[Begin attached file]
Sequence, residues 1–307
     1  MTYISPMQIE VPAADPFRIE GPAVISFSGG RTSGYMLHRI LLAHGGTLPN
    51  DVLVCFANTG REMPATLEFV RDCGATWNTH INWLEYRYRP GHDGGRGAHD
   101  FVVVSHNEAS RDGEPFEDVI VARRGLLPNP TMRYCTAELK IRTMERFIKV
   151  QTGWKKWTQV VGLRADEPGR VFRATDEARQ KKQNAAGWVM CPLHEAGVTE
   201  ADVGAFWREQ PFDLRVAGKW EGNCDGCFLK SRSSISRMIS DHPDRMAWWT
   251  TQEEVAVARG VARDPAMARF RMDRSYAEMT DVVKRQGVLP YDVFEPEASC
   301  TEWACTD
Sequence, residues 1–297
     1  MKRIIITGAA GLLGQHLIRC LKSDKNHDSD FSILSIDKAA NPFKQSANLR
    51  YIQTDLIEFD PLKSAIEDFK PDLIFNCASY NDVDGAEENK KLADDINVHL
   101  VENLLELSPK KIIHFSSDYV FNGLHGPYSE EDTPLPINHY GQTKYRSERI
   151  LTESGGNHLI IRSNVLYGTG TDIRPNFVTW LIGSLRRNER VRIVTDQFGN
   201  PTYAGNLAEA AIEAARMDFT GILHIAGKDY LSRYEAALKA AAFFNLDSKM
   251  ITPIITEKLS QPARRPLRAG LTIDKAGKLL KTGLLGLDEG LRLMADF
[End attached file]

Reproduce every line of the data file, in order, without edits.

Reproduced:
Sequence, residues 1–307
     1  MTYISPMQIE VPAADPFRIE GPAVISFSGG RTSGYMLHRI LLAHGGTLPN
    51  DVLVCFANTG REMPATLEFV RDCGATWNTH INWLEYRYRP GHDGGRGAHD
   101  FVVVSHNEAS RDGEPFEDVI VARRGLLPNP TMRYCTAELK IRTMERFIKV
   151  QTGWKKWTQV VGLRADEPGR VFRATDEARQ KKQNAAGWVM CPLHEAGVTE
   201  ADVGAFWREQ PFDLRVAGKW EGNCDGCFLK SRSSISRMIS DHPDRMAWWT
   251  TQEEVAVARG VARDPAMARF RMDRSYAEMT DVVKRQGVLP YDVFEPEASC
   301  TEWACTD
Sequence, residues 1–297
     1  MKRIIITGAA GLLGQHLIRC LKSDKNHDSD FSILSIDKAA NPFKQSANLR
    51  YIQTDLIEFD PLKSAIEDFK PDLIFNCASY NDVDGAEENK KLADDINVHL
   101  VENLLELSPK KIIHFSSDYV FNGLHGPYSE EDTPLPINHY GQTKYRSERI
   151  LTESGGNHLI IRSNVLYGTG TDIRPNFVTW LIGSLRRNER VRIVTDQFGN
   201  PTYAGNLAEA AIEAARMDFT GILHIAGKDY LSRYEAALKA AAFFNLDSKM
   251  ITPIITEKLS QPARRPLRAG LTIDKAGKLL KTGLLGLDEG LRLMADF